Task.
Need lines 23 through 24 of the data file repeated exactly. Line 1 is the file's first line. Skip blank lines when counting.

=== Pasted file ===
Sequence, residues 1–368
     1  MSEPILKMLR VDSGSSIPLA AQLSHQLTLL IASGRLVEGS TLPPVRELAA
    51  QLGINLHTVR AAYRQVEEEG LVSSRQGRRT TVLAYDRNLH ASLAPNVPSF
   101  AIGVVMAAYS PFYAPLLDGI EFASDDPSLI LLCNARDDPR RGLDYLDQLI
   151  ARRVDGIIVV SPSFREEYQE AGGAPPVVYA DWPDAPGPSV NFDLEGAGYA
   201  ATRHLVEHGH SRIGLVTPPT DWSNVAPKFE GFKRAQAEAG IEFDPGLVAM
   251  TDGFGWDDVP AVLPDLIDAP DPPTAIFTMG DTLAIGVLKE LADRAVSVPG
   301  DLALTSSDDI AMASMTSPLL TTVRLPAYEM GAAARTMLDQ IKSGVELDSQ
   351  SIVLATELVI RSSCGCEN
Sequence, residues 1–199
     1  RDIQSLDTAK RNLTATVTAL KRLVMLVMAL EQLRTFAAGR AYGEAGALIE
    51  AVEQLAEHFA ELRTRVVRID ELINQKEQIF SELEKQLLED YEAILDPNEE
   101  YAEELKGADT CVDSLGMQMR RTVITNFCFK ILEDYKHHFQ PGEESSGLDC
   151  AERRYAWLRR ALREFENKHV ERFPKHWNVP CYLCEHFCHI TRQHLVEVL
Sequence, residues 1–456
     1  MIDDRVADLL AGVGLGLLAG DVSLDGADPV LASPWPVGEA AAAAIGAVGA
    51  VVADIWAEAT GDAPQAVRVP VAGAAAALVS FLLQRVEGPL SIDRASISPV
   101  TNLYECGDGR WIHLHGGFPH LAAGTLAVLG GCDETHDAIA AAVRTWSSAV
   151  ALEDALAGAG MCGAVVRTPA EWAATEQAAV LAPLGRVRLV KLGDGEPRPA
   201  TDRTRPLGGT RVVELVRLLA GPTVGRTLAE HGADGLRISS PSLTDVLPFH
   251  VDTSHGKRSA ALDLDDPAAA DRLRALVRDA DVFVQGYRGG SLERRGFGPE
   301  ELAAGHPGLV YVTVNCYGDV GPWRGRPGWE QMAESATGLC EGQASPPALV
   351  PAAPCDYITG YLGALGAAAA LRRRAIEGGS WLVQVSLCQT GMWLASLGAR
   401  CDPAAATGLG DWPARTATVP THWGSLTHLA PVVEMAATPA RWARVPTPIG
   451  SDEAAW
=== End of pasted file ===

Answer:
   351  PAAPCDYITG YLGALGAAAA LRRRAIEGGS WLVQVSLCQT GMWLASLGAR
   401  CDPAAATGLG DWPARTATVP THWGSLTHLA PVVEMAATPA RWARVPTPIG